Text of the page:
Exploring the pathways of our lexicon
"Winning" Words: The Language of Sheenenfreude
Unless you've been living under a rock for the past week, you've witnessed the spectacular media meltdown of Charlie Sheen unfold before your eyes. The endless stream of over-the-top pronouncements in Sheen's recent interviews has been captivating, and Sheenisms have quickly become inescapable online, especially on Twitter (where Sheen managed to attract a million followers in just over 24 hours). Tiger blood and Adonis DNA. Rock star from Mars. Gnarly gnarlingtons. Vatican assassin warlocks. And, of course, winning, the buzzword to beat them all. Does any of Sheen's frenetic verbiage have a chance of being remembered beyond the current moment of celebrity Schadenfreude, or should I say Sheenenfreude?
Sheen's series of remarkably unhinged interviews, beginning with the Alex Jones Show radio program on February 24th, have provided neverending fodder for Internet memes. Sheen's words have been repurposed for Twitter hashtags, captions for New Yorker cartoons and cat photos, satirical song lyrics, T-shirt slogans, and on and on. While Sheen appears to be committing career suicide, torpedoing his top-rated sitcom "Two and a Half Men" by attacking the show's creator Chuck Lorre and various other perceived enemies, he still professes to be winning at life.
On Tuesday, New York Magazine's Vulture blog provided a much-needed public service by compiling the "Charlie Sheen Glossary." A translation of Sheen's trademark expressions was necessary, since "he's like a veteran shock jock who's spent years broadcasting on a channel we've all just turned the dial to." Here's a selection from Vulture's glossary:
men whose special powers (shooting poetry from one's fingertips, converting tin cans into gold) have earned them a dispensation from the Vatican to commit assassinations
See also: "gnarly gnarlingtons"
verb (frequently used)
1. the act of triumphing over studio executives, famous fathers, and jerky show-runners, who then have no choice but to "lay down with their ugly wives and their ugly children and just look at their loser lives"
2. an exclamation point used at the end of a sentence, e.g., "Sorry, you thought you were just messing with one dude. Winning"
jet with firepower comparable to truth bombs dropped by an addled celebrity, e.g., "Most of the time — and this includes naps — I'm an F-18, bro"
"The scoreboard doesn't lie"
baseball reference used to indicate the extent of one's winning, where the home team's tally is always a lit-up infinity symbol, while the visitors must make do with an LED rendering of Charlie Sheen giving the thumbs-down sign (with a smaller caption that reads, "Sorry, bro")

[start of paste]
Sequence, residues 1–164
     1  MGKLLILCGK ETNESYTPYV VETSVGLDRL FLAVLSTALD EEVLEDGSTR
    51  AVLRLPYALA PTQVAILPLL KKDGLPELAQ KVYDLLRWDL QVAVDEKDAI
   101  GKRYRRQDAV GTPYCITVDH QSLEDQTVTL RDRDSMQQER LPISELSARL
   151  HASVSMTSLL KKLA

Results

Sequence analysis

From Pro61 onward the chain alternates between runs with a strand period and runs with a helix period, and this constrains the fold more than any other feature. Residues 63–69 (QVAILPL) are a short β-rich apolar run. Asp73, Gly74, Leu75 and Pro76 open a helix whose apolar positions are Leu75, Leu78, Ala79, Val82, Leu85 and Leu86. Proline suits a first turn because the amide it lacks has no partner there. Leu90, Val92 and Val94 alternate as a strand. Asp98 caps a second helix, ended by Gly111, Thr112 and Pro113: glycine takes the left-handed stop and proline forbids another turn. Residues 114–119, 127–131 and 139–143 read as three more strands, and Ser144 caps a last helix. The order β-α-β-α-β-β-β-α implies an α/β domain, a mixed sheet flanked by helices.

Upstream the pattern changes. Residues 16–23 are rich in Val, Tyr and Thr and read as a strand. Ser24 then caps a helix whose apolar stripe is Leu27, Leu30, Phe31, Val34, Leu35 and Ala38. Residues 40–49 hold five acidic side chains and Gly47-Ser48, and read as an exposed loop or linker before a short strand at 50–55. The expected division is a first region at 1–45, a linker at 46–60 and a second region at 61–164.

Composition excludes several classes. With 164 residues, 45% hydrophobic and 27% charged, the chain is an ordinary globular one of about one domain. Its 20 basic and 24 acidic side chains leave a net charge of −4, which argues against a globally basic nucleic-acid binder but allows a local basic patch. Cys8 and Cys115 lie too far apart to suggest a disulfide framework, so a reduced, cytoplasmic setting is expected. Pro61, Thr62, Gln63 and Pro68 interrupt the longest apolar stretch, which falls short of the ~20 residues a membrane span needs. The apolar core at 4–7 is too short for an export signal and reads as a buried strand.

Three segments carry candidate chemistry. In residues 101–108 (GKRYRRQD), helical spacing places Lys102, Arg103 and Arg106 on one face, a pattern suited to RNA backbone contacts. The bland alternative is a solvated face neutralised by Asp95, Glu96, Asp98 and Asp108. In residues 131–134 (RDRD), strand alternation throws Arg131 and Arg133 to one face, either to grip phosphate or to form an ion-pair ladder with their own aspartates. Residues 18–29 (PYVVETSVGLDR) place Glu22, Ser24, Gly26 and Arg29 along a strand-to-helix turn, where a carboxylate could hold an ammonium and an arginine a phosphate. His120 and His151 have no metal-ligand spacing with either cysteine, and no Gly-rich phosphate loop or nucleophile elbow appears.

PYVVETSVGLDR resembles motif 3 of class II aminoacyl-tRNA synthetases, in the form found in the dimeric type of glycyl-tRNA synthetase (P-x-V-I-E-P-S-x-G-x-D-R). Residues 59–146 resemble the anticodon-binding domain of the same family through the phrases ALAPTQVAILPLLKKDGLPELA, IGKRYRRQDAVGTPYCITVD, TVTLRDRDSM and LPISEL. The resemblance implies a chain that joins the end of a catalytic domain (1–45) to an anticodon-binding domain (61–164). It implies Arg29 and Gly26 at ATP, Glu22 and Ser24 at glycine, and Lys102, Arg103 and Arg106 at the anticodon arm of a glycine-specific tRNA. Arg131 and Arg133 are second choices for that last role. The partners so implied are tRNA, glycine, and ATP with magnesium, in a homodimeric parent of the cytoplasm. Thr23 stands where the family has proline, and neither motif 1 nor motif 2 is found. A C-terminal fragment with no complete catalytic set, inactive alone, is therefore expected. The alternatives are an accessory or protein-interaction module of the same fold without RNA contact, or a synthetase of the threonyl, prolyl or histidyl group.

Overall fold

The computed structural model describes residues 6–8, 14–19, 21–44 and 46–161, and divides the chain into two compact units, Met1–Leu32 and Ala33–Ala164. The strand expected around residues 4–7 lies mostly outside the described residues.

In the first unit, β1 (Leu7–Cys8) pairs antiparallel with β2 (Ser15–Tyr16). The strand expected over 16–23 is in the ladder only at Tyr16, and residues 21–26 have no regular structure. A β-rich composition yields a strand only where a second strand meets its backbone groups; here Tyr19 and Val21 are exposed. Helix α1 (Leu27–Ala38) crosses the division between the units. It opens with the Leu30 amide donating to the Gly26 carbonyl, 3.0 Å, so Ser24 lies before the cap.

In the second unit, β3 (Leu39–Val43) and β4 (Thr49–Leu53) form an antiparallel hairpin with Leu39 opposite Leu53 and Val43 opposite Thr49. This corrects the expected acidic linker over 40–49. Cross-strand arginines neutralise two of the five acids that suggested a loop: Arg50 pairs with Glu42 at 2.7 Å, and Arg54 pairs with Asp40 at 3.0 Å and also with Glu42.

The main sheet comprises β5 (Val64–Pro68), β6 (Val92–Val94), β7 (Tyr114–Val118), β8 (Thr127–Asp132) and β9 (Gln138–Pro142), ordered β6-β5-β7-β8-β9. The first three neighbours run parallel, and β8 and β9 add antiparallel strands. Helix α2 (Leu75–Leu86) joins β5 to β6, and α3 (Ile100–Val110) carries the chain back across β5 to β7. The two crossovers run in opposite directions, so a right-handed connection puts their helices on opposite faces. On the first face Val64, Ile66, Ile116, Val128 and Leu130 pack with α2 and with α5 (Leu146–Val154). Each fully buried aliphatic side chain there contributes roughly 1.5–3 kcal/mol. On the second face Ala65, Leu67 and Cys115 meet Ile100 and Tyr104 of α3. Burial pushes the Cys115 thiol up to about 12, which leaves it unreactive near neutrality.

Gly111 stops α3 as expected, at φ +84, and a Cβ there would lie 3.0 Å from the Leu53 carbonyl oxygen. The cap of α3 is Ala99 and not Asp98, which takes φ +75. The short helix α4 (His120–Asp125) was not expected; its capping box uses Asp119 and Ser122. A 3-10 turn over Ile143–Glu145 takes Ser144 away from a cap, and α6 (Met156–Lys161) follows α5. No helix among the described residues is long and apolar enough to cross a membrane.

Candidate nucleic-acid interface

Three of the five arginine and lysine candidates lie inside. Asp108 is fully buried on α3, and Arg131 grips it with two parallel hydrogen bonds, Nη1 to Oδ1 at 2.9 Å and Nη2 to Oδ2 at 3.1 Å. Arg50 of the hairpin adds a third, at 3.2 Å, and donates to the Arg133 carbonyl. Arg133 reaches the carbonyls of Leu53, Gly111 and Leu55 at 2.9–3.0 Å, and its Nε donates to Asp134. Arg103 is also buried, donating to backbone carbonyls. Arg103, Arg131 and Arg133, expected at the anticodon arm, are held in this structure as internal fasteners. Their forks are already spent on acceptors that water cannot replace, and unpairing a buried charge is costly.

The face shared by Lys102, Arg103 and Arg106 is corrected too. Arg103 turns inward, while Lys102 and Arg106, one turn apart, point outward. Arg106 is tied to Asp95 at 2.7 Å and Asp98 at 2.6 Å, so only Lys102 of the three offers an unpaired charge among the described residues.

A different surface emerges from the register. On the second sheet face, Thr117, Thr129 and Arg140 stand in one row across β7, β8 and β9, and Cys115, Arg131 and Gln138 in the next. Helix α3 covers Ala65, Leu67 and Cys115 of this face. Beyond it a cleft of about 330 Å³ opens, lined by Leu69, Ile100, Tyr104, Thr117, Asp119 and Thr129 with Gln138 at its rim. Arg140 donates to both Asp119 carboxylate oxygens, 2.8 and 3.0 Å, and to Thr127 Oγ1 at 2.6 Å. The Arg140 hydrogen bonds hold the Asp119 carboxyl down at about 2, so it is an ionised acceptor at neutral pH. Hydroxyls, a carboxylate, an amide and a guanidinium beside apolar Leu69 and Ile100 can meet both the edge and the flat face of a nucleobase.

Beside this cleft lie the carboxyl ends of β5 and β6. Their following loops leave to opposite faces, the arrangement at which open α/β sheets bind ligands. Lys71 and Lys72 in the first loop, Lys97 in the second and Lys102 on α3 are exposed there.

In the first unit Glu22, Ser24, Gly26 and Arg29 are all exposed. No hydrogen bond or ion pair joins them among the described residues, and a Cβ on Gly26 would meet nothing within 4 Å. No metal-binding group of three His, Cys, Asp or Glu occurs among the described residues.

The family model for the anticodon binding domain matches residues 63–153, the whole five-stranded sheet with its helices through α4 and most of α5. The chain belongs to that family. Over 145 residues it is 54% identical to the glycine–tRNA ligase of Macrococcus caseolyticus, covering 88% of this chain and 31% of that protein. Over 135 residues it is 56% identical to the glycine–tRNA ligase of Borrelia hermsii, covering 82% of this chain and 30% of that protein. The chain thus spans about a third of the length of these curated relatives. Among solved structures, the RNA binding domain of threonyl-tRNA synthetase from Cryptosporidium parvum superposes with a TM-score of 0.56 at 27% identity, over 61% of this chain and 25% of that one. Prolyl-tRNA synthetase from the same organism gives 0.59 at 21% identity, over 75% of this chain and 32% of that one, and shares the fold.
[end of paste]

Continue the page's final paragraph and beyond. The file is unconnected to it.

Of the Sheenisms now in circulation, the most popular by far is winning as a sentence-ender (sometimes accompanied by duh). A rather disturbing variant on the winning theme is bi-winning, explained in the glossary as "a term that can be used to lighten the mood when asked about mental illness ('I'm not bipolar, I'm bi-winning')." Sheen's own Twitter feed has stoked the flames by popularizing the #winning hashtag, along with #tigerblood (riffing off of Sheen's assertion on NBC's "Today Show" that he has "tiger blood and Adonis DNA").
As pop-cultural linguistic explosions go, we haven't seen anything quite like this since the Kanye moment of September 2009, when Kanye West interrupted Taylor Swift's acceptance speech at the MTV Video Music Awards with a line that should be engraved on his tombstone: "Imma let you finish, but Beyonce had one of the best videos of all time! One of the best videos of all time!" That single line generated a panoply of parodies and mashups, but Sheen has managed to outdo that by overwhelming us with a barrage of loony lingo.
Just as Kanye quickly turned into a verb meaning "to interrupt someone's speech," Sheen has been given the eponymous treatment. As noted by Vulture, "South Park" creators Trey Parker and Matt Stone used Sheen as a verb when appearing on "The Late Show with David Letterman," explaining that they were "Sheening pretty hard" when they dressed up in drag for the Oscars in 2000. In that usage, Sheen would appear to mean "to behave in a manner so outrageous that only a celebrity could get away with it."
The current Sheenathon can't last forever, of course. But I wouldn't be surprised if Sheenian winning (with or without the duh) survives the media frenzy to become entrenched in the language as an interjection expressing ludicrous self-confidence. If it does gain a foothold in the vernacular, look for it to be a strong candidate in the race for 2011 Word of the Year. That is, unless the fools, trolls and soft targets can't appreciate Sheen's winning ways.
[For more on "the ever-expanding field of applied Sheen-guistics," see Visual Thesaurus contributor Mark Peters' column in Good Magazine.]